Sharks play an essential rol in the health of our oceans

Information, Research

Cool Canadian Porbeagles!

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Porbeagle, picture by Doug Perrine

Direct commercial fishing for the porbeagle shark (Lamna nasus) led to stock collapses in the eastern North Atlantic in the 1950s, and the western North Atlantic in the 1960s. The porbeagle continues to be caught throughout its range, both intentionally and as bycatch, with varying degrees of monitoring and management. The porbeagle shark is Critically Endangered in the Northeast Atlantic and Mediterranean where fisheries are unmanaged. The Mediterranean population has virtually disappeared. It is Endangered in the Northwest Atlantic — female spawning stock has decreased to 12% and 16% of previous levels. In the Southern Ocean it is classed as Near Threatened –depletion of spawning stock indicates biomass is 18% of previous levels. The North Atlantic population has been seriously depleted (~90%) by commercial fisheries for the shark’s high value meat (source:  sharks.org).

Startling migration pattern

The Bedford Institute of Oceanography (Steve Campana et al.) carried out porbeagle research that was not only focused on age and growth, but also on migration movements. It showed some startling results: all of the mature females migrated south to the Sargasso Sea (between Bermuda and Cuba) to give birth to their pups. The migration required the sharks to traverse the Gulf Stream, whose water temperatures are too warm for the cold-water porbeagle. Therefore, the porbeagles literally dove underneath the Gulf Stream to depths of 1360 metres to avoid the warm water. While in the Sargasso Sea, the porbeagles maintained an average depth of almost half a kilometre, which probably explains why they have remained undetected over the years. This research has been published (Campana et al. 2010).    porbeagle-14-eng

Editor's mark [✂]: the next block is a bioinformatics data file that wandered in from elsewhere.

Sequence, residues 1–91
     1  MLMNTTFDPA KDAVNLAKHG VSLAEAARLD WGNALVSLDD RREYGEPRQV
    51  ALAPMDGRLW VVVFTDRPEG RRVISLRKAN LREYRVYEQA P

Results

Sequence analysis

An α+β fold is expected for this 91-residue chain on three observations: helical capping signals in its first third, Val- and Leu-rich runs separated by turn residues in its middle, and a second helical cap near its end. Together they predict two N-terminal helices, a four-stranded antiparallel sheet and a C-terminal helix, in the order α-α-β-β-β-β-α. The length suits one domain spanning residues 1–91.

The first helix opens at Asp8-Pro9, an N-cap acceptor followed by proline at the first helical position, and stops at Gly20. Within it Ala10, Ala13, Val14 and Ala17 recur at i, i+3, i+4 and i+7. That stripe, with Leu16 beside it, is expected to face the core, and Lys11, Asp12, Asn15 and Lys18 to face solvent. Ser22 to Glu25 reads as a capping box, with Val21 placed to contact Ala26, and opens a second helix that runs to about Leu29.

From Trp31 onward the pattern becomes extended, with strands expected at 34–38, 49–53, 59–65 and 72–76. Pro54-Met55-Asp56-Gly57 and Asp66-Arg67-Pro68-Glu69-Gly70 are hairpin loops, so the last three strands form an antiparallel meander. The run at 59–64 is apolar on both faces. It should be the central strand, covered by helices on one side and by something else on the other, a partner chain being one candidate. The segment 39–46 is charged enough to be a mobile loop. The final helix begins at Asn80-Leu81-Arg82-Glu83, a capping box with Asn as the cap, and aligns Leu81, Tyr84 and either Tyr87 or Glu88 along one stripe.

Continued research in the Bay of Fundy

 

The research on the sharks in the Bay of Fundy,  a bay between the Canadian provinces New Brunswick and Nova Scotia, will be continued in 2015. The project is lead by Dr. Steve Turnbull (University of New Brunswick – Saint John), Sharks Unlimited – Alma, New Brunswick and St. Andrews Sport Fishing Co. – St. Andrews, New Brunswick, and focuses on Aspects of the Biology of the Porbeagle Shark  in the Bay of Fundy, Canada. Thresher sharks that are caught will also be tagged. . All sharks released are tagged with an ID tag and some with archival satellite popup tags. Results to date indicate a high post-release survival rate for sharks, possible different movement patterns for males and females within the Bay, and a high portion of caught sharks are large females (more info: http://standrewssportfishing.com/2015/01/18/sport-fishing-shark-fishing-bay-fundy-2015/).

 

Porbeagle about to be tagged, picture St. Andrews Sport Fishing Co.

Porbeagle about to be tagged, picture St. Andrews Sport Fishing Co.

 

The International Union for Conservation of Nature (IUCN) has assessed the porbeagle as Vulnerable worldwide, and as either Endangered or Critically Endangered in different parts of its northern range. In the Netherlands, porbeagle fishing and landing is prohibited. The porbeagle is listed on Appendix III of the Convention on International Trade in Endangered Species.

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